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With several brands of quick change bits around this is not really a problem unless you need to move really quickly. Last time I used two was for a large glue up with lots of screws that needed fast work before the glue went off. It was either a miracle or the result of excellent craftsmanship that it game out dead square. Now normally I don't believe in miracles.....
Peter
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Peter Ashby
School of Life Sciences, University of Dundee, Scotland
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In what way? I can imagine the odd occasion where a drill is too large, but then you could just uses a normal screwdriver.

Two cordless drills, then. ;-)
--
*If a pig loses its voice, is it disgruntled?

Dave Plowman snipped-for-privacy@argonet.co.uk London SW 12
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Me, too. I didn't dare own up but the very best tool I've had for years was a B&D 2.4V driver that came free with a workmate.
With a locking drive so you can do the hard bit manually, two double ended bits, the spare one held by an elastic band, the ability to twiddle 20 or so turns once you're started, as handy as a nordinary driver, it's been fantastic, but getting very battered.
I wish I coiuld get another at the price, but they charge fortunes for them now
mike r
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On Mon, 25 Aug 2003 19:03:44 +0000 (UTC), mike ring wrote:

Me too :-) I also have 2 cordless drills, often used as screwdrivers but for *certain* jobs nothing beats my old B&D 2.4V driver.

Not quite the price you paid but what about :-
http://www.diy.com/bq/product/product.jhtml?PRODID 3049&paintCatId=&CATIDb236&maxBullets™9
Not exactly a fortune :-)
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Troy the Black Lab.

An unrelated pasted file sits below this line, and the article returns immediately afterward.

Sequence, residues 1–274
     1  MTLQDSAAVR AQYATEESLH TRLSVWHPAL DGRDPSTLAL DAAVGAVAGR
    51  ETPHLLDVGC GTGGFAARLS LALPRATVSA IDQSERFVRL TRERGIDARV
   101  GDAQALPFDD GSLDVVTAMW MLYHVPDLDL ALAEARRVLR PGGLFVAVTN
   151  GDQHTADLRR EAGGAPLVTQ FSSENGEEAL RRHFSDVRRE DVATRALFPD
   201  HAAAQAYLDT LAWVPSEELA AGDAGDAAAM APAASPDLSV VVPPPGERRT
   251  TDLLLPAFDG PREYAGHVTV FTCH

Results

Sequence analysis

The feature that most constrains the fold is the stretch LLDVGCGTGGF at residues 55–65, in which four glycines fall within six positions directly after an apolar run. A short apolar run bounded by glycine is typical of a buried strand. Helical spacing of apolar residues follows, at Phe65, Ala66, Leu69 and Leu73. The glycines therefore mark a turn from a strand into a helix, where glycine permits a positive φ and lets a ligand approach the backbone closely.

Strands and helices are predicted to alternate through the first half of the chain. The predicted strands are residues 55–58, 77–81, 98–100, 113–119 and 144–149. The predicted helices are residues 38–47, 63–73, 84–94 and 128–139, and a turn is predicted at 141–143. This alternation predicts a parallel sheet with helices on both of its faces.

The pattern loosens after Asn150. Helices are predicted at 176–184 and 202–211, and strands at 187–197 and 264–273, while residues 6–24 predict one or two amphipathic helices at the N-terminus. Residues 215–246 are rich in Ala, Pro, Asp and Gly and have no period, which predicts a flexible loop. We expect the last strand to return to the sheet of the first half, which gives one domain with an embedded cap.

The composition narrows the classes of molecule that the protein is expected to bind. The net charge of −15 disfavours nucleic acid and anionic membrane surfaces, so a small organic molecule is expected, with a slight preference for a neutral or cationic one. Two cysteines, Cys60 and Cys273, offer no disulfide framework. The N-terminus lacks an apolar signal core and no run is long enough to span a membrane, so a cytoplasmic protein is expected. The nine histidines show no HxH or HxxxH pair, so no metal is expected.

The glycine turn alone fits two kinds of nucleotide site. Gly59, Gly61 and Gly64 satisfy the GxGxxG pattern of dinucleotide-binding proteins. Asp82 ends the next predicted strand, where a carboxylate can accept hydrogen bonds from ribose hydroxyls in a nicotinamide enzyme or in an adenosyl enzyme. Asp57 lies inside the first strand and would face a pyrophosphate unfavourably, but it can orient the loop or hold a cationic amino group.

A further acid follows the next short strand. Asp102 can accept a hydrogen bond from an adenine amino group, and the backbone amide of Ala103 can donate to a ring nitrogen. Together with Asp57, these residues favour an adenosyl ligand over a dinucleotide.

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Well, I dunno, in these days of 30 squid SDS's 14 nicker seems a hell of a lot to me for a little 2.4v driver
mike r
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wrote:

That 12 hour charge time tells me I ought to buy half a dozen, just in case I have more than one screw to tighten up ;)
Andrew
http://www.handymac.co.uk
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On Mon, 25 Aug 2003 22:54:51 +0100, Andrew McKay wrote:

Really not a problem - I only use it (not that one but a very old one) for those awkward little jobs - cordless drills used for most things.
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Troy the Black Lab.
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mike ring wrote:

Mine got nicked on a job once and the replacement was one of the Versapack ones, same as an ordinary B&D but with a removable 3.6V battery. Worth it's weight in gold in my opinion, nowhere near as bulky as a drill so it fits in the toolbox (or back pocket when you run out of hands up a ladder) and takes the donkey work out of most of the 'driving. When it gets to the hard work the thickness of it makes it very easy to get a lot of torque without your hand feeling like it's going to drop off.
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James...
http://www.jameshart.co.uk /